The cerebrum is considered to be the second largest part of the brain. Just like the rest of the organs of the body, the cerebrum is also being affected by certain types of tumor. There can be several types of tumor that may grow within the cerebellum. These tumors are classified as either primary or secondary. Primary tumors are those tumors which originally come from the cerebellum. On the other hand, secondary tumors have just metastasized to the cerebellum but were from other parts of the body such as the colon, lungs, esophagus and many others. The common type of tumor which is believed to have originated from within the cerebellum are medulloblastomas. This accounts for about 20 per cent of the total tumors found within the brains of both children and adults. Another type of tumor that commonly develops in the cerebellum is the cerebellar astrocytoma which is oftentimes comprised of either benign or malignant cells. Other tumors found in the cerebellum may have directly come from the breast, colon, kidney and the skin.
Tumor arising from the cerebellum would usually trigger symptoms that are related to movement. There may also be other clusters of symptoms that may be present along with a cerebellar tumor which commonly include the following:
Nausea and Vomiting with Headaches
Since the presence of tumor within the cerebellum would lead to obstruction in the normal flow of cerebral fluid, this would trigger bouts of headache. According to the American Brain Tumor Association, the characteristic of the headache felt by those with cerebellar tumor is that it is more prominent in the morning, usually upon rousing. Nausea and vomiting will also be noted especially when one tries to move. Those who used to suffer from this condition have also noted severe headache as the tumor grows further.
Another problem faced by those who have cerebellar tumor is trouble walking. You would often find them clumsily walking or staggering. This is primarily because the cerebellum is the one responsible for maintaining balance.
Cranial Nerve Compression and Damage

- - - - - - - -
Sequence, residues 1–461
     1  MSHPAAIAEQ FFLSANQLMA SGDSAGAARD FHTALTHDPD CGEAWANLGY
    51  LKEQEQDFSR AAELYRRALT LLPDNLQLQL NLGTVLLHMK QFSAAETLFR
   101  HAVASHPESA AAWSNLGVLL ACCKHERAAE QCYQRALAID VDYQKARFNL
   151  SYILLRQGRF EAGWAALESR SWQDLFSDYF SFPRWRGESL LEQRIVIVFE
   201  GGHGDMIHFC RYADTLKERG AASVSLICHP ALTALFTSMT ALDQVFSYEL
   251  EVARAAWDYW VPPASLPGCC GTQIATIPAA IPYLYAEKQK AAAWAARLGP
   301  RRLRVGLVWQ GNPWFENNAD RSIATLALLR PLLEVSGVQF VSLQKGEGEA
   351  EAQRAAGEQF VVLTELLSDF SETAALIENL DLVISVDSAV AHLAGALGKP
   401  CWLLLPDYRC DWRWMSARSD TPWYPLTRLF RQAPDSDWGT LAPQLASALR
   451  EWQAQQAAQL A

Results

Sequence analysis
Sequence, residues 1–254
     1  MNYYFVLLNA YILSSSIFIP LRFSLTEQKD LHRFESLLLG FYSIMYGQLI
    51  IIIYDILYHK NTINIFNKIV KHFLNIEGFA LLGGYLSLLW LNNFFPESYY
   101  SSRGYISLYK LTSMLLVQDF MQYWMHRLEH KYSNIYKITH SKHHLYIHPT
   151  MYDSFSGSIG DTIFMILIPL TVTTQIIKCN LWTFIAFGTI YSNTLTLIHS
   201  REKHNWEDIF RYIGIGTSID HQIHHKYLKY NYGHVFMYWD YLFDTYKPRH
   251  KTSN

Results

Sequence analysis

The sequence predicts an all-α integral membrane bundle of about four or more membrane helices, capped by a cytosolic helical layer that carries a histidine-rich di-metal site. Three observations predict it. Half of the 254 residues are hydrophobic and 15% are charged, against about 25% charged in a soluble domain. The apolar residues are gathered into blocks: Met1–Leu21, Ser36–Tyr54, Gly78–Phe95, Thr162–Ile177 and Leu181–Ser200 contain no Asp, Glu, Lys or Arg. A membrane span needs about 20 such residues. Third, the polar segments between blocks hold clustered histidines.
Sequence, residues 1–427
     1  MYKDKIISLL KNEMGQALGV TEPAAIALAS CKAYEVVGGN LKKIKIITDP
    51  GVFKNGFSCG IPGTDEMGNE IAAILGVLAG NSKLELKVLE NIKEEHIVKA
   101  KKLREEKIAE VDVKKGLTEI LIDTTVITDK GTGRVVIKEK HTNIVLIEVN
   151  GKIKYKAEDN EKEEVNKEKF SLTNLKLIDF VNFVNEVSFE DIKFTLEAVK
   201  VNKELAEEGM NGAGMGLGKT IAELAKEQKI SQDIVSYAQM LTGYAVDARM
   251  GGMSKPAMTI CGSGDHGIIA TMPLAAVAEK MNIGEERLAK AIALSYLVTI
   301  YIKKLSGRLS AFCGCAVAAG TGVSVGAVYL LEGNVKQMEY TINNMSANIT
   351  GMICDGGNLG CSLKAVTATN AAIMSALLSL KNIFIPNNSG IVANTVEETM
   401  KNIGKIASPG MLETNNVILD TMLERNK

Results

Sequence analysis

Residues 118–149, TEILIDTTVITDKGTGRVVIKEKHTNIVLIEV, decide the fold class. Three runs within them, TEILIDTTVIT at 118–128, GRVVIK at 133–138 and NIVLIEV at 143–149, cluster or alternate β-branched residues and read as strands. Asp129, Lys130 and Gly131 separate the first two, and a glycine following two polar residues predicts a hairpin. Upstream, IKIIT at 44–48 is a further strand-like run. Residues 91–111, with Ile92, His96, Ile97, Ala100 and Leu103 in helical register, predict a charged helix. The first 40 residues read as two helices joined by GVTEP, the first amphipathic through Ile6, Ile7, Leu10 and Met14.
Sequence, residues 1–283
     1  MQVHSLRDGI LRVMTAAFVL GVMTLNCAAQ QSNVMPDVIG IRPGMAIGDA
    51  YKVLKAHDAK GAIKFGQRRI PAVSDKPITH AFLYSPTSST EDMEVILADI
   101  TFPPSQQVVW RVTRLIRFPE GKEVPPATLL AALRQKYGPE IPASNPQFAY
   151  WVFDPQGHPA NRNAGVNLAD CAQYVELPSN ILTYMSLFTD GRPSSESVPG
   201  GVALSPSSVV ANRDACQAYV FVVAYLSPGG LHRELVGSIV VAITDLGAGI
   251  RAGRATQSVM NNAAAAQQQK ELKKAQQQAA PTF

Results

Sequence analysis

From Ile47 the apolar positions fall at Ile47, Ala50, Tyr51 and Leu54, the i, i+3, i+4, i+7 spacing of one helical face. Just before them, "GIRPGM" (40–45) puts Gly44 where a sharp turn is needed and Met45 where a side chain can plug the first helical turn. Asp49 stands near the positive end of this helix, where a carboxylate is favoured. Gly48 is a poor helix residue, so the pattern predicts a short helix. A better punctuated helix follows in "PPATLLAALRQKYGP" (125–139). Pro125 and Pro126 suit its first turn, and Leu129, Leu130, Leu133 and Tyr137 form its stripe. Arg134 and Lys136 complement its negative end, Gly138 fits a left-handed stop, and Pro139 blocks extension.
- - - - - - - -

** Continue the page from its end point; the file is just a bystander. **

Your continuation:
The growing tumor in the cerebellum also causes cranial nerve compression. The physical manifestations would oftentimes depend on the cranial nerve affected. The common symptoms include weakness, hearing and visual problems, which eventually leads to the loss of function of these organs, and some disturbances on the taste of smell.
Tumor development within the cerebellum can be due to a myriad of symptoms. There can be a lot of possible causes of tumor formation in the cerebellum. Just like the usual causes, this may probably be due to exposure to certain toxic chemicals, lifestyle or even heredity. However, just like most cancers are, the etiology is unknown.
Treatment is possible in cases of cerebellar tumor formation for the healthy cells can be unharmed during the course of treatment. The common treatment for cerebellar tumor usually includes radiation and chemotherapy. As with radiation, higher doses ideally required and this is concentrated on the head so as to kill cancerous cells. Chemotherapy may also be as effective in dealing with cerebellar tumors.
Surgical management may also be indicated for those who suffer from cerebellar tumor. Often, the preferred way of dealing cerebellar tumor is by removing it because its removal poses less or even no harm to the surrounding structures. In fact, this would serve as a measure that would save nearby structures from getting damaged.